Today the Human Fertilisation and Embryology Authority (HFEA) has launched the outcome of a year-long enquiry into sex selection. The main recommendation of the HFEA's report, 'Sex selection: options for regulation', is that the existing ban on sex selection for social reasons be upheld. Given that the HFEA already regulates the creation and use of human embryos outside the body, a ban on social sex selection of embryos is well within its competence and remit. However, the HFEA does not currently regulate any activities which use fresh sperm. In order to stop social sex selection using sperm sorting, therefore, the HFEA is recommending a new act of parliament and an extension of its regulatory remit to include the use of fresh sperm.
For members of the public, who seem largely to support a ban on social sex selection, the HFEA's recommendation that embryo screening and sperm sorting be regulated seem perfectly sensible. But for those more familiar with the existing laws governing IVF and embryo screening, the proposal to widen the HFEA remit is more worrying. In the questionnaire that formed part of its public consultation, the HFEA asked whether respondents agreed with the statement 'Sperm sorting should be regulated in the UK by the HFEA'. Of the 600 respondents, the majority of which were individuals or organisations associated with IVF in one way or another, 47 per cent agreed, 39 per cent disagreed and 13 per cent did not respond. When the HFEA, in its press release, said that there was 'overwhelming support for sex selection techniques to be regulated', it didn't factor in the rather more luke-warm reception to the idea from other quarters.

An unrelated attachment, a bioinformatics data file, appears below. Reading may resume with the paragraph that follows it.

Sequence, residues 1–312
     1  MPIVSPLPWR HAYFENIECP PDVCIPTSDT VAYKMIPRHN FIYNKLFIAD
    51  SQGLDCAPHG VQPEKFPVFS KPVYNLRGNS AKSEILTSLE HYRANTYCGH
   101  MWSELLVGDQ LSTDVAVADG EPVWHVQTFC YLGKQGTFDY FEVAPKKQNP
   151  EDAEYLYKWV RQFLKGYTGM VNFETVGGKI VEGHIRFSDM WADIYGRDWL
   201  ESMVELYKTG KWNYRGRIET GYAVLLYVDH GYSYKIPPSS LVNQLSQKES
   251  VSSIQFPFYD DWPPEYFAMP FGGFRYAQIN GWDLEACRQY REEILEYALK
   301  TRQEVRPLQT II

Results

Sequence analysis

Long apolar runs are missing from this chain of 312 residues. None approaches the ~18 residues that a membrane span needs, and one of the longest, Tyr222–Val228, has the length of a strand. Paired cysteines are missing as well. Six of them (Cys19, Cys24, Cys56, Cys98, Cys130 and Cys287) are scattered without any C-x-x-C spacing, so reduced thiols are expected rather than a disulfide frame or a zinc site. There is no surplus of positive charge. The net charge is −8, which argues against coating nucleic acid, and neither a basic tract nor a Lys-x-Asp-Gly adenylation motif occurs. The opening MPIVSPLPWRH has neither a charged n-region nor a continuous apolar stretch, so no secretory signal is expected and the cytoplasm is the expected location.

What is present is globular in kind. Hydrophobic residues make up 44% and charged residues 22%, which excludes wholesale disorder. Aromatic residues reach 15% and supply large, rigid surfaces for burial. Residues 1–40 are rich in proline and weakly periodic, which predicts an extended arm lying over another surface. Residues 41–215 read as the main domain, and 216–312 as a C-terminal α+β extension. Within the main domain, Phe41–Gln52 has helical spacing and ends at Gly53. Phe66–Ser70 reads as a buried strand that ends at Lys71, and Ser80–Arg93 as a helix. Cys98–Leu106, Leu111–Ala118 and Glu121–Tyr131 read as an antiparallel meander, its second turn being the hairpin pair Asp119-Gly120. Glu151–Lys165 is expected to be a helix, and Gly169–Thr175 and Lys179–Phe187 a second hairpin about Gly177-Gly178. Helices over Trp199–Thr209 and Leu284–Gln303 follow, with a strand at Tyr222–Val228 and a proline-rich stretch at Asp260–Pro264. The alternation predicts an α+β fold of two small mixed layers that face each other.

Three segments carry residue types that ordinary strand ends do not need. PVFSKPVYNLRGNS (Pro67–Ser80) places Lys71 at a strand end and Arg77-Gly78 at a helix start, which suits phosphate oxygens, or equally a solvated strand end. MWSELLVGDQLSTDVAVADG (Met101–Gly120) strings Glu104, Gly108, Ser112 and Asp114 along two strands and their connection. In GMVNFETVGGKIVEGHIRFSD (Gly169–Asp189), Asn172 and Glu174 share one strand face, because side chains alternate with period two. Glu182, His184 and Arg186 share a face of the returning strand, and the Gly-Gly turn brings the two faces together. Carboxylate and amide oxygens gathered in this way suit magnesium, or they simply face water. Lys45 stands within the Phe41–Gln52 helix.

So what is the potential problem with an extension to the HFEA regulatory remit? When the Human Fertilisation and Embryology (HFE) Act was passed in 1990, it was done so with the aim of permissively regulating IVF treatments and human embryo research. Only a handful of activities (such as creating chimera embryos) were specifically prohibited, leaving all other activities using embryos or donated eggs and sperm to be monitored by the HFEA. If a new act of parliament were to be drawn up with the aim (explicit or otherwise) of stopping social sex selection by sperm sorting, its aim would be prohibitive rather than permissive. As such, its tone and purpose would be very different from the legislation which brought the HFEA into being.
Changing its style of regulation is one thing. But there is another problem with extending the HFEA remit. Where will it stop? Just imagine that it becomes possible to determine the sex of one's child by taking a pill. Will the HFEA seek to regulate that too?